Big idea: Creating next-generation broadband networks — featuring speeds up to 100 times today's standard — to spur the coming wave of online innovation. "Being a catalyst is an ambitious goal for us," says Minnie Ingersoll, 33, about Google Fiber for Communities. "Pursuing high-speed networks that are open for third parties to offer retail service will lead to new business models. There will be new deployment techniques. Our guys are excited to dig up streets and experiment. And there will be new apps and services." Cities such as Hampton, Virginia; Greenville, South Carolina; and prototypical everytown Peoria, Illinois, have already publicly stated they're competing to be picked as test sites. "The response so far has been exciting," she says. "Even cities that have broadband are interested."
Growing up geek: "I grew up in Pasadena, basically on the Caltech campus where my dad's a professor. I always thought I wasn't that interested in tech, but that's because I was comparing it with the grad students always hanging around my house." When Ingersoll went to Harvard Business School in 2000, she says, "I quickly realized I am entirely techie. I love the Valley's meritocracy, the brainstorming spirit, that it's not about money."
Ingersoll got her job at Google thanks to ... her mom: "Google had an ad that said 'You're brilliant, we're hiring,' and my mom saw it and called me: 'Minnie, you're brilliant, and they're hiring!' " In the recruitment process, Ingersoll took advantage of her experience as a Stanford computer-science grad to network with former classmates who already worked there. "Nothing prepared me for Google, but now I think I can say that Google has prepared me for Google."
Favorite Googleplex perk: "I can't pick one." [Long pause.] "Okay, it's the chair massage," she admits. "It's just 15 minutes. It's not a full massage that would interrupt your whole day."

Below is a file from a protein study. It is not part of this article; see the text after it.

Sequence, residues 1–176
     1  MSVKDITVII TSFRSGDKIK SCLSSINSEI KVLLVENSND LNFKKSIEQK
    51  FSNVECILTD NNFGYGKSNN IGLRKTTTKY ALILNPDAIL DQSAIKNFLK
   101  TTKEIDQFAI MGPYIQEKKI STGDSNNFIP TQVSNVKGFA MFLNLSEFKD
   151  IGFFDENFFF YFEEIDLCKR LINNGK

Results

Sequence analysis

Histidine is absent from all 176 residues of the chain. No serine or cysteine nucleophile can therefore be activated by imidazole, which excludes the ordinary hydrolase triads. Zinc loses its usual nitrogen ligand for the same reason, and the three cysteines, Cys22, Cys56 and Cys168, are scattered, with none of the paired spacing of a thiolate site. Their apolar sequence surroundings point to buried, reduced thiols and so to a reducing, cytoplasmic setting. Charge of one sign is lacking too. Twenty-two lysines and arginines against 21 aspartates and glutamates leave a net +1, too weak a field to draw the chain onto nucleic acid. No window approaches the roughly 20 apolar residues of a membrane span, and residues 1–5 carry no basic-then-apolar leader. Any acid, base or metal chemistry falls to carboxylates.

Cable or DSL? "I have Comcast. But I probably do most of my computing at work."
Last book she read: "I've gotten lazy. I do podcasts. I prefer when someone else reads me the front page of The New York Times or the CNET tech news. My favorites are the Slate podcasts, particularly Political Gabfest. It's so rare to find an intelligent commentator like Emily Bazelon. I did enjoy The Nine, by Jeffrey Toobin. It's as close to a page-turner story of the Supreme Court as you get."
Guilty pleasure: Music videos, particularly the Director's Label box sets. "I play them as background music, with some pretty awesome directors — Spike Jonze, Stephane Sednaoui — adding rad visuals to the audio experience."
Offline hobby: Surfing. "I live in San Francisco, so I like to surf in Pacifica on the way to or from work," she says. "When you're underneath a 5-foot wave, you're not worried about a meeting with [CEO] Eric [Schmidt]. It's mind-cleansing."
Blue Crush or Point Break? "Hahaha," she laughs. "How about Step Into Liquid? I did see a play called Point Break Live, a reenactment of the movie where Keanu Reeves — I mean, heartthrob Johnny Utah — is chosen from the audience and his lines are fed to him via cue card. It was awesome."
Beloved sporting gear: Swim fins. "You could say that I've decorated my apartment with sporting equipment, but I especially love my fins." Ingersoll, a high-school jock who has taken up triathalons, says, "I never was a swimmer until I joined the UCSF masters swim team. I was afraid that I wouldn't be able to keep up. The secret of doing swim team is the big huge fins!"
A version of this article appeared in the May 2010 issue of Fast Company magazine.